In work or school situations, they may pursue perfectionism as a means of preventing criticism. This, of course, can be a source of considerable stress, which they may attempt to alleviate via substance abuse or other maladaptive behaviors.

The Freeze Response

Prey animals such as rabbits, squirrels, and deer sometimes become rigidly still when they sense the presence of a predator. People who employ the freeze response act in a similar manner. When criticized or faced with a challenge, they may become stoic and withdrawn, speak in a monotone voice, and display little to no expressiveness – almost as if they are willing themselves to disappear.

At its extreme, the freeze response may be similar to a period of depersonalization or derealization, where the individual feels as though they are momentarily detached from their thoughts, emotions, and/or surroundings. 

The Fawn Response

People who use this trauma response type may respond to potential conflicts by overcompensating in their efforts to please the other person. The fawn response can include apologizing for problems that they did not cause, attempting to preclude criticism with effusive flattery, and putting the needs of others over their own.

In the context of a friendship or romantic relationship, the fawn response can put a person at risk of being abused, taken advantage of, and pushed into codependency.

How Trauma Response Treatment Can Help

If you or someone that you care about has been exhibiting behaviors that are consistent with one of the trauma response types in the previous section, professional help may provide the best path forward. When a person receives proper care to help them address and overcome the impact of untreated trauma, they can experience a significant improvement in quality of life.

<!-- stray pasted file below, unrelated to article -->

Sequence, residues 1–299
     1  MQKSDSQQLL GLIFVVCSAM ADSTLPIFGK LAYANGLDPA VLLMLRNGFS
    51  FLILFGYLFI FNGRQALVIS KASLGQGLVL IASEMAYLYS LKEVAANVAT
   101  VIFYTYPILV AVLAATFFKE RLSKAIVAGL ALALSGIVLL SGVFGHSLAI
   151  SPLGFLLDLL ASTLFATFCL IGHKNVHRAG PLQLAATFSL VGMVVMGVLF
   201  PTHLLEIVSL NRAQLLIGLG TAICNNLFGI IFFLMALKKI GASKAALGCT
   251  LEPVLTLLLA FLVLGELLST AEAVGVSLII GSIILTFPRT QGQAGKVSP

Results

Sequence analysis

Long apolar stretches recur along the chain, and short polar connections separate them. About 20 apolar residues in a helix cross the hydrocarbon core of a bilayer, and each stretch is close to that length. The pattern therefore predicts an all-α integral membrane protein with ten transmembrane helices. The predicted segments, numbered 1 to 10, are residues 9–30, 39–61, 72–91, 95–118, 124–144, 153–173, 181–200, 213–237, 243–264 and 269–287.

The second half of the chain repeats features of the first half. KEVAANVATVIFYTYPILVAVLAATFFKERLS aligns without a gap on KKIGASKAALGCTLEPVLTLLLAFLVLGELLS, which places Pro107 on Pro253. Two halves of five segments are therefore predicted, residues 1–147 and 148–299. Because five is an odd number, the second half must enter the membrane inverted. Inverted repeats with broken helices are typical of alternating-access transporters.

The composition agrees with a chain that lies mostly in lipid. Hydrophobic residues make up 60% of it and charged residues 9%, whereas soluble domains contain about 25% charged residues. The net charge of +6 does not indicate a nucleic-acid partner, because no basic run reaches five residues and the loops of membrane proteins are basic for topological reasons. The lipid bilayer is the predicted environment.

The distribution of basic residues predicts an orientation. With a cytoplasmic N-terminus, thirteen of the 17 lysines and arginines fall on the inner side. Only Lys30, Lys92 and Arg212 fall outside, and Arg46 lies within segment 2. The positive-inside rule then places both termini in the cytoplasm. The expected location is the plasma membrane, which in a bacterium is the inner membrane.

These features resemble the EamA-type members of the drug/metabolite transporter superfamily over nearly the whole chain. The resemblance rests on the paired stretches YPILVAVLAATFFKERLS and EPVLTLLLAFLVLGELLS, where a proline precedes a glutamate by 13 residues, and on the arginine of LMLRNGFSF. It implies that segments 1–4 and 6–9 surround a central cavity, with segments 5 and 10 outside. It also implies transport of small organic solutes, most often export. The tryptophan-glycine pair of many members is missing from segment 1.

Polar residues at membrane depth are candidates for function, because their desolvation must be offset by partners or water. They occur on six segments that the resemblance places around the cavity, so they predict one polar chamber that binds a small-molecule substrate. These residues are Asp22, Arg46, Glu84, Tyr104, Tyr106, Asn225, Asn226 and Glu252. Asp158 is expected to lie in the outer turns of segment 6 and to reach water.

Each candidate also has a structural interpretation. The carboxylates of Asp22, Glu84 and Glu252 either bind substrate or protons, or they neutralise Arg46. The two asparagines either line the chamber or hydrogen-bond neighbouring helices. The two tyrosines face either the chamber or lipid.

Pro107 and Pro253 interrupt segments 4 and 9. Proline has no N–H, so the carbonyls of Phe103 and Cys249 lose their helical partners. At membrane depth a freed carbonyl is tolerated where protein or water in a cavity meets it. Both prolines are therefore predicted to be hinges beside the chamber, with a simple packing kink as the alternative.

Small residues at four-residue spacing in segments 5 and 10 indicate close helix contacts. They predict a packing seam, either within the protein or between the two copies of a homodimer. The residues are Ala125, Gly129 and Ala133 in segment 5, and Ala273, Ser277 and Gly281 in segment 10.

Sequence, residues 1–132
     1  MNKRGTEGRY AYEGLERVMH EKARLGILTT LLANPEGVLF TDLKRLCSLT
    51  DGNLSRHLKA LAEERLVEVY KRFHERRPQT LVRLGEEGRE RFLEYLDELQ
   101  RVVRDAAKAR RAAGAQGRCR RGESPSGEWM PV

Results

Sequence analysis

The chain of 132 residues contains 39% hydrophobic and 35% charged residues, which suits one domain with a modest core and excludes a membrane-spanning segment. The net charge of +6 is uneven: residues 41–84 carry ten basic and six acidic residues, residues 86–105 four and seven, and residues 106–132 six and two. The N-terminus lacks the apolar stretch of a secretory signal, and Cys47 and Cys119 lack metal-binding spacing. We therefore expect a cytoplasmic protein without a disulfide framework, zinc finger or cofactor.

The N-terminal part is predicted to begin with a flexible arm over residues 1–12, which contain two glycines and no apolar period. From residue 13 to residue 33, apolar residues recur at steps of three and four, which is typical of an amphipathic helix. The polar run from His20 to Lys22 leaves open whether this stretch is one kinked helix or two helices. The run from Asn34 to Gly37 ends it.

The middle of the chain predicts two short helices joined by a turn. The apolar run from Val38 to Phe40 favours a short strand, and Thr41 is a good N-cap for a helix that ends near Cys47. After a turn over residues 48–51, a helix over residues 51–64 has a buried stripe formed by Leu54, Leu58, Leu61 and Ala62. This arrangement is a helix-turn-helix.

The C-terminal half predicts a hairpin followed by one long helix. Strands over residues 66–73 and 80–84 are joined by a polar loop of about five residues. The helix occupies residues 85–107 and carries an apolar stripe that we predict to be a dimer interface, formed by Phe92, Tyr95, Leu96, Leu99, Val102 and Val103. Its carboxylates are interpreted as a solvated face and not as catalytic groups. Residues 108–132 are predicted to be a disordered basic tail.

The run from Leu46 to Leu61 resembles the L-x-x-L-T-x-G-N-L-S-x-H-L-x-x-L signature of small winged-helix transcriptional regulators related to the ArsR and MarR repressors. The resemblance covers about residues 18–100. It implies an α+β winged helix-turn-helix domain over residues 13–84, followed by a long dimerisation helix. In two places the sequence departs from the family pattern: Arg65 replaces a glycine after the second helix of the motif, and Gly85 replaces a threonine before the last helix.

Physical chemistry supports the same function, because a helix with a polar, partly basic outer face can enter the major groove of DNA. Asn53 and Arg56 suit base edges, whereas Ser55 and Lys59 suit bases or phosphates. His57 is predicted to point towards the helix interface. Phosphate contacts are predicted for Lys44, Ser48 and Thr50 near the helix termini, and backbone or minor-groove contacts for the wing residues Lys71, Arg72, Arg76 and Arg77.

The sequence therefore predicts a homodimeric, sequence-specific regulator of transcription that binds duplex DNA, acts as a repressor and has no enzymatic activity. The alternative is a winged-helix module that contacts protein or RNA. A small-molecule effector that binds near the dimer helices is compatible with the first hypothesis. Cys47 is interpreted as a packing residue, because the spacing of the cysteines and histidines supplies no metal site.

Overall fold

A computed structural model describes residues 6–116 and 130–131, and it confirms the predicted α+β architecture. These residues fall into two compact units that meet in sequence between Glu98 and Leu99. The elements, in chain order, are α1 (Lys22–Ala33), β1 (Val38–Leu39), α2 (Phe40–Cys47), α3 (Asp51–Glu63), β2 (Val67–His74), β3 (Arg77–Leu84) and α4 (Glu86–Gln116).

But how can you be sure that you’ve found the right source of trauma treatment for yourself or your loved one? Asking the following questions of any providers that you are considering can help:

  • What levels of care and types of therapy does your center offer?
  • How will you determine which programs and services are right for me?
  • Can you discuss your approach to trauma-focused care?
  • How long will I need to remain in treatment – and how will you make this determination?
  • What does a successful experience at your center look like?
  • Do you offer family therapy or other family support services?
  • What types of discharge planning or aftercare support do you provide?
  • Does your center accept my insurance?

Representatives of any reputable treatment centers will be happy to answer these and any other questions you have. At Arbor Wellness, we want our patients to always have the information they need, so that they can play an active role in their treatment and take ownership of their recovery.

Begin Trauma Response Treatment in Nashville

Arbor Wellness offers personalized residential and outpatient programming for adults whose lives have been disrupted by untreated trauma and other mental health concerns. At our trauma treatment center in Nashville, Tennessee, we also care for patients whose mental health struggles are accompanied by co-occurring substance abuse and addiction.

We understand the many ways that trauma can undermine a person’s efforts to live a productive and satisfying life, and we are committed to working closely with each patient to provide the focused services that meet their unique needs. When you choose our center, you can expect to work in active collaboration with a team of skilled professionals who truly care about you, and who will treat you with the respect you deserve.

To learn more or to schedule a free assessment, please visit our Admissions page or call our center today.